• Broadly – Aside from contemporary music my tastes vary. At the moment I rather enjoy classic symphonic music and opera. If I had to pick favourites artists from these genres they would be Brahms and Puccini.


  • I’m a very big Tolkien fan – not just of his books, but his approach to creating a world in such depth and his willingness to write in a domain many of his peers and critics of the considered sophomoric and unserious.
  • Beyond Tolkien, my favourite books are those that expose me to new perspectives on life. To name two: I Served the King of England, by Bohumil Hrabal, and My Name is Red, by Orhan Pamuk.

I’m a big fan of theatre, too, especially musical theatre (just not Andrew Lloyd Webber, please.) As for visual arts, in the classical domain I can point to Toulouse-Lautrec, Rembrandt, Hayez… I also admire Alvar Aalto, a Finnish architect and designer who used wood in creative and functional ways.

  • What have you read, listened to, or watched lately?

I’ve been rewatching Brooklyn 99. It’s funny and comforting and I love it. I also really enjoy the Freakonomics podcast.

  • Which place on the Slovene coast do you like the most?

A café or bar with a sea view. I’m not picky.

  • What makes you enthusiastic?

I tend to listen to upbeat music to get myself going for work. New experiments and new data sets also drive my interest.

  • Characterize your life’s guidance or an important realization (or epiphany) you have experienced.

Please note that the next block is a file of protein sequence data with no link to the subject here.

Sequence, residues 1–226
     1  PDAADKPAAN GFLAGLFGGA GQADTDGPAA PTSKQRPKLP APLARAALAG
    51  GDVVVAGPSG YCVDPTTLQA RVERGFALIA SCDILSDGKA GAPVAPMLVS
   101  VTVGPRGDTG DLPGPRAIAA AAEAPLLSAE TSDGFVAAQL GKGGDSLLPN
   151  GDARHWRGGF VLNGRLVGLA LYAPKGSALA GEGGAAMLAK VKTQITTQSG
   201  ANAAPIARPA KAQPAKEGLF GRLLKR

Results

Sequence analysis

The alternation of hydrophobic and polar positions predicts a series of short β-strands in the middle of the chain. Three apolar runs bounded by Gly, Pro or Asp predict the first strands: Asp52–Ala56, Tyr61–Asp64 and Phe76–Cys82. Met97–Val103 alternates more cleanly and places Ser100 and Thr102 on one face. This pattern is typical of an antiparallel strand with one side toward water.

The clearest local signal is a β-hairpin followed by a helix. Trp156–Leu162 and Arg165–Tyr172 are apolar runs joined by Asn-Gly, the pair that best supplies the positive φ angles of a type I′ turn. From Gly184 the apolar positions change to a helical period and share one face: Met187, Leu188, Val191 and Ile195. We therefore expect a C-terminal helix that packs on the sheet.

I learned a lot from my mother and father. My mother made sure I always remained mindful of and participated in cultural events. Around the time I was transitioning into a serious career, my father told me something along the lines of, “When you get older, you will lose your ability to compete physically, but you can still satisfy your need for competition by trying to be a better leader and businessman.” I took that to heart, and it drives me to be a better scientist, teacher, mentor, and leader.

  • What does the charm of wood mean to you?

I think the charm of wood is derived from the human fascination for life, life-like processes, and complexity. The patterns in the grain derived from anatomical developments as a tree grows, the presence of “defects” likes knots, the scent, the feel of wood, all remind us (not just me, I think) of the process of growth, the strength of trees, and the diversity of forests… The elements of wood are also just complex enough to be noticed and take our attention in a healthy way.